In anticipation of today's City Council Safety Summit, Speaker Quinn held a press briefing to announce some of the key legislative initiatives that the council will seek to enact in the next few months. As the Alliance's Richard Lipsky told Newsday, however, "...the legislation addresses security issues with a 'broad brush.' Cameras won't deter crime, Lipsky said, arguing that the council should take action against specific establishments rather than all of them."
Unfortunately a number of initiatives that could actually make a difference are not getting the kind of legislative attention that they should. The first, paid detail, is on the Summit agenda for discussion today but, at least according to a story in the NY Post, is already being second guessed because of a concern that the police commissioner won't support it; "Lawmakers said...that Police Commissioner Ray Kelly is so opposed to the idea that they are now considering abandoning it..."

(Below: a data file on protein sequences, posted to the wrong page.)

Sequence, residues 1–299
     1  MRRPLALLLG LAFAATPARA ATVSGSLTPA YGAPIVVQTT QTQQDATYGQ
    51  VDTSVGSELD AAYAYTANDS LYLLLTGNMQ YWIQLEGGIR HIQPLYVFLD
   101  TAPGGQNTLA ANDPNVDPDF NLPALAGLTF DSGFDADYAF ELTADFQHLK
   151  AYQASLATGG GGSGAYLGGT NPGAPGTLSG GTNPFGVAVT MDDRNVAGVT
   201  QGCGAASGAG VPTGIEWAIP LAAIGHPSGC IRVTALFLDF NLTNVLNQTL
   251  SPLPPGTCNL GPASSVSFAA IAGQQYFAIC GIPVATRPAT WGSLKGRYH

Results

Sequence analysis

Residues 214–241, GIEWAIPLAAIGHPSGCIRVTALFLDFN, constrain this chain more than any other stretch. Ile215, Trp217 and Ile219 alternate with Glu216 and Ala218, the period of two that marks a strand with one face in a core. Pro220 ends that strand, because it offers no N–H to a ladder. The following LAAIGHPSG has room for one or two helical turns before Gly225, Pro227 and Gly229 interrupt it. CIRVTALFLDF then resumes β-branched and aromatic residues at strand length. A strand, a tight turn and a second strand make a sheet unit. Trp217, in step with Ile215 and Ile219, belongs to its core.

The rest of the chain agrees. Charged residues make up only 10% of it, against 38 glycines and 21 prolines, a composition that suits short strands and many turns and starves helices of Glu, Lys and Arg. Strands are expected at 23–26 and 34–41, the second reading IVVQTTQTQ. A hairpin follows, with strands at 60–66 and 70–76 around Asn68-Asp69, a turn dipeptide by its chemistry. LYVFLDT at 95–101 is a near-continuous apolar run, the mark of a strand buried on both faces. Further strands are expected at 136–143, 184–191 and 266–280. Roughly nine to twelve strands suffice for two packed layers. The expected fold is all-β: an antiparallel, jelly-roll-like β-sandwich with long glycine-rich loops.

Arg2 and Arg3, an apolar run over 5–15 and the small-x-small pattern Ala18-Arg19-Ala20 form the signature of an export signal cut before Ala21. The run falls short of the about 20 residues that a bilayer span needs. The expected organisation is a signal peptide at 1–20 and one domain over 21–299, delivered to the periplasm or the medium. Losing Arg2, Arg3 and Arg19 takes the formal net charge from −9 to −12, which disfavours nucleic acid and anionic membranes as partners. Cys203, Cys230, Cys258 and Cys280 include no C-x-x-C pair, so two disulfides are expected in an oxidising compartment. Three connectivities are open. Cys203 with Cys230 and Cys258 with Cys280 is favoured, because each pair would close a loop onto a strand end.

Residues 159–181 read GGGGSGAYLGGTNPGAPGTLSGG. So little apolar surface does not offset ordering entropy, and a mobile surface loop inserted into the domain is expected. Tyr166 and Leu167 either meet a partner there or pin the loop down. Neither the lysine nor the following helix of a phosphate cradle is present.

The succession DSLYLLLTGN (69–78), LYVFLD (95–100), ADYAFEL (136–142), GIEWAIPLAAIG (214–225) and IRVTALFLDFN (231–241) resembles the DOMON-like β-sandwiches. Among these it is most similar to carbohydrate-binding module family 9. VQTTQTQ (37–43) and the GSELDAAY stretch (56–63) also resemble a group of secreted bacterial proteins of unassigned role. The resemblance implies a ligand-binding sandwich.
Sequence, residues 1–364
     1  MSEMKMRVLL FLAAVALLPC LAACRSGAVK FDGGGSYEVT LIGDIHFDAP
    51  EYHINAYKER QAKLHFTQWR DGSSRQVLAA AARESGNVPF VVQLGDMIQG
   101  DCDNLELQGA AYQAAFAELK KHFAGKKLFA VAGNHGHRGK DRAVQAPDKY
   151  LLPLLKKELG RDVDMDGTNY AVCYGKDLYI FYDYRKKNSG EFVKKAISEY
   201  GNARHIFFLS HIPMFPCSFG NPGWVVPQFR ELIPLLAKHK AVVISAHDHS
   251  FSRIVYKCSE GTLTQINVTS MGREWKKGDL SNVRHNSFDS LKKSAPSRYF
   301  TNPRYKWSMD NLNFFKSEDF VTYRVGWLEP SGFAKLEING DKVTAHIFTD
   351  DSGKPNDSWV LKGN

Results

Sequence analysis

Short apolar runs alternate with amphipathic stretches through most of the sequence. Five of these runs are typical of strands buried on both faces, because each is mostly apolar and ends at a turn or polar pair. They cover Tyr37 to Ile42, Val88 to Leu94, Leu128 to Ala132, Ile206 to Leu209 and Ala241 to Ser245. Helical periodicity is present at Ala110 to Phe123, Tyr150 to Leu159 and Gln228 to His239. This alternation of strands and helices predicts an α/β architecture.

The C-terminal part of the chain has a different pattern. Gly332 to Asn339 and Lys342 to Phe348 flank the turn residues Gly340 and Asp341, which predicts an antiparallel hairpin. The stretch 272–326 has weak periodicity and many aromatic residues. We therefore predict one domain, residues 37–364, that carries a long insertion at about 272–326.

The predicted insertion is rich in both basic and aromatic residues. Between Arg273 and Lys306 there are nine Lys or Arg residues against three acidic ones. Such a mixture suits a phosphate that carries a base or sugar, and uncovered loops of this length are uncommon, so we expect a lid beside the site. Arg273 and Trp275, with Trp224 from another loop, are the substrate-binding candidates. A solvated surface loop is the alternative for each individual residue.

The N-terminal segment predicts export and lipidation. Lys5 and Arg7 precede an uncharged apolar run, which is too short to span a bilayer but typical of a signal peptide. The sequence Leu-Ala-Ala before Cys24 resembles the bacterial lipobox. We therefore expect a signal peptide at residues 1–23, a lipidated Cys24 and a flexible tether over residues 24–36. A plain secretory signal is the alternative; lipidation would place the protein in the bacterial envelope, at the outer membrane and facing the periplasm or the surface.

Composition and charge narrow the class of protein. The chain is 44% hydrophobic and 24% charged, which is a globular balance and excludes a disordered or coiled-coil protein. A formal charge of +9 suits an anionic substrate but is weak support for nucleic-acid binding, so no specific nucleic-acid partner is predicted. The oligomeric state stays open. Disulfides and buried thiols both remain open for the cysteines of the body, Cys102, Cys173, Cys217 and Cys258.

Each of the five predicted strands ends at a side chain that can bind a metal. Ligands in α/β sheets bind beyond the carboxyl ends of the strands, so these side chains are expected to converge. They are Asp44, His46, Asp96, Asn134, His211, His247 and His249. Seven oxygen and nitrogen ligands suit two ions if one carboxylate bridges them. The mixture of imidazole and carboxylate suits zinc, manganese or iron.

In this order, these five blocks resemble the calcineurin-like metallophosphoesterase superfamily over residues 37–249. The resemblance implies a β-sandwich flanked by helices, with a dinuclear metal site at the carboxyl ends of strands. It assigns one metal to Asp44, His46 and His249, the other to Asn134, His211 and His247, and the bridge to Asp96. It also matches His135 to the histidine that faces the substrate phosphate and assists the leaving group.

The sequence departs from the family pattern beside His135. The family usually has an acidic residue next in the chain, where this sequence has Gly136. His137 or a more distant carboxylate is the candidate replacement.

Well, way to go! A measure that could engender a safer nightlife environment might not be considered because one mayoral appointee thinks that it's not a good idea. What is a good idea according to this perspective is to focus all of the public's attention on the city's nightlife businesses and make their ability to grow and prosper more difficult.
We can only hope that the Council exhibits greater courage in this matter. This would also mean a willingness to target underage drinkers themselves and the firms that peddle false IDs. Otherwise, as we said in an earlier Op-ed piece, the welcome wagon for nightlife in this city will continue to be staffed by "hostile prohibitionists."